female patient in CT medical scanner

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News • Joint statement from BIR and UKHSA

Radiation dose: clinical need should trump previous exposures, experts say

The UK Health Security Agency (UKHSA) and the British Institute of Radiology (BIR) issued a joint position statement that supports the view that the decision to perform a medical imaging exposure should be based on clinical need rather than the dose from previous exposures.

The position statement can be downloaded here.

In May 2021, the International Atomic Energy Agency (IAEA) published a joint position statement with a range of international organisations and professional bodies and call for action to strengthen radiation protection of patients undergoing recurrent radiological imaging procedures. The IAEA highlighted the potential for automatic exposure monitoring systems to monitor cumulative dose at an individual patient level. The joint position statement proposed actions to address concerns over high cumulative doses from recurrent medical imaging including, identification of clinical conditions that require recurrent imaging and developing strategies in terms of the type of imaging and frequency. It also recommended the need for customised imaging protocols for these patients and use of the latest technology to help reduce patient dose. Further actions include strengthening radiation protection education and training of healthcare professionals and strengthening communication.

To protect patients from unnecessary medical exposures, appropriate justification of medical imaging exposures is essential

UKHSA/BIR joint statement

Notably, the joint position statement recommended that dose monitoring systems should be used to monitor the exposure history of individual patients using type of radiological procedure, estimated effective dose or patient-specific organ dose estimates. The joint position statement recommended where possible, clinical and radiation dose information from the patient’s previous imaging procedures needs to be made available to help strengthen the decision-making process when justifying a series of radiological procedures for a patient.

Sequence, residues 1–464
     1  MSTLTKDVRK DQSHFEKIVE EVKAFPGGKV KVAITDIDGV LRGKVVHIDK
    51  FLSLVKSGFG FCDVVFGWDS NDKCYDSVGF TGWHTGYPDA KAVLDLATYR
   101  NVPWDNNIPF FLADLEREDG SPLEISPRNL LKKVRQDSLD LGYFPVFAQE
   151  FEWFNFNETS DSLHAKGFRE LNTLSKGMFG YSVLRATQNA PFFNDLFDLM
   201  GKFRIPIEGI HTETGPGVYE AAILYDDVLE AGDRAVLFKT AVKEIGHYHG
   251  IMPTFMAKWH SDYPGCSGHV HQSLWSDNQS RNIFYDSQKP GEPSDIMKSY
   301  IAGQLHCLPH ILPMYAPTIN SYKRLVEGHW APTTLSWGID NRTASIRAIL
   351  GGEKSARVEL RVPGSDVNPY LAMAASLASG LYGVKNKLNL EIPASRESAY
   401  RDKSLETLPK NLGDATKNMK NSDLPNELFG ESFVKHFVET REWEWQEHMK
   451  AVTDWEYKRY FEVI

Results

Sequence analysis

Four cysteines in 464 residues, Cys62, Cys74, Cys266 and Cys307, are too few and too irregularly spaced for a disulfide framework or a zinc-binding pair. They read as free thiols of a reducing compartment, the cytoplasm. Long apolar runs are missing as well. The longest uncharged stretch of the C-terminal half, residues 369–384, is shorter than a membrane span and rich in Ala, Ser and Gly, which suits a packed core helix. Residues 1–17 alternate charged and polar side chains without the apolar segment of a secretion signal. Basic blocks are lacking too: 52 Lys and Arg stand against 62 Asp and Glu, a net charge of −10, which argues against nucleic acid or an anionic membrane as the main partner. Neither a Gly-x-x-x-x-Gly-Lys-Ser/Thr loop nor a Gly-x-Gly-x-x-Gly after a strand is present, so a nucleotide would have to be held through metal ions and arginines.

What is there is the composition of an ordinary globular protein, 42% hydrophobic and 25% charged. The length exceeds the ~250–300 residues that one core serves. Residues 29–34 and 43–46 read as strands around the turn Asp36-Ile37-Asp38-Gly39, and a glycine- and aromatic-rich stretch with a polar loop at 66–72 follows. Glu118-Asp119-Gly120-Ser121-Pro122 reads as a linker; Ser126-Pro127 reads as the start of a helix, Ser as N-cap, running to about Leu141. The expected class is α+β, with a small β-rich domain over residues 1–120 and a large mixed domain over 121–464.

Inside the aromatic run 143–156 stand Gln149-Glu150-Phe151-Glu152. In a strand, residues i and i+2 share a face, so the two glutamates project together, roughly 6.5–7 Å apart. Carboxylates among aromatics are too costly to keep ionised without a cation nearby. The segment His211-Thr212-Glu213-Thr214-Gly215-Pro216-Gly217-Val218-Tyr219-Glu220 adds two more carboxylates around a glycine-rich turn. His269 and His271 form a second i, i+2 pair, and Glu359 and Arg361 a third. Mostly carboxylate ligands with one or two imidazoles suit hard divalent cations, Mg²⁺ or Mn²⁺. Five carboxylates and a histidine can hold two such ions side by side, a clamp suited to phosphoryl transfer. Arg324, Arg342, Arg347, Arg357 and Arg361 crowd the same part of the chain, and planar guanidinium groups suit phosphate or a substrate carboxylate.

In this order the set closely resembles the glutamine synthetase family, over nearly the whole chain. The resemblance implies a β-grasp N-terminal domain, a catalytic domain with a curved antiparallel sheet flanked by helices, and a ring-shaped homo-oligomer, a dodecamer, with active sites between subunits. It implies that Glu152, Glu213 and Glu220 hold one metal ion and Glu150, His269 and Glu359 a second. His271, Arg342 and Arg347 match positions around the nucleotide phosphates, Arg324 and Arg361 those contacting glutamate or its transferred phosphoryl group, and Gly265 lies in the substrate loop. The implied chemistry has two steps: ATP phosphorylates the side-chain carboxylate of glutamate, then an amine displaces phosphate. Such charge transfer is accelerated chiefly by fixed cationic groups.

In response to the joint position statement, the American Association of Physicists in Medicine (AAPM), the American College of Radiology (ACR), and the Health Physics Society (HPS) published a policy on the use of dose metric tracking for medical exposures. The AAPM consider that the decision to perform a medical imaging exam should be based on clinical grounds, including the information available from prior imaging results, and not on the dose from prior imaging-related radiation exposures. 

The AAPM advise that justification of the potential patient benefit and optimisation of medical imaging exposures are the most appropriate actions to take to protect patients from unnecessary medical exposures. It further recommends against using dose values, including effective dose, from a patient’s prior imaging exams for the purposes of medical decision making, as the use of cumulative effective dose may have a negative impact on patient care. 

UKHSA and BIR recognise the benefits of exposure monitoring systems in the optimisation process, while noting that there is no IEC standard governing the estimation of effective dose. Both organisations support the views outlined by the AAPM that the decision to perform a medical imaging exposure should be based on clinical need rather than the dose from previous exposures. In exceptional cases, when planning multiple high dose interventional (or CT perfusion) procedures exposing the same area, over a short time period, and where deterministic effects are expected, previous dose information should also be considered in the justification and optimisation process. 

To protect patients from unnecessary medical exposures, appropriate justification of medical imaging exposures is essential. Optimisation of medical imaging exposures is one of the fundamental principles of the Ionising Radiation (Medical Exposure) Regulations and is required to keep doses from medical exposures as low as reasonably practicable, consistent with the intended purpose. 

Source: UK Health Security Agency / British Institute of Radiology (OGL 3.0)


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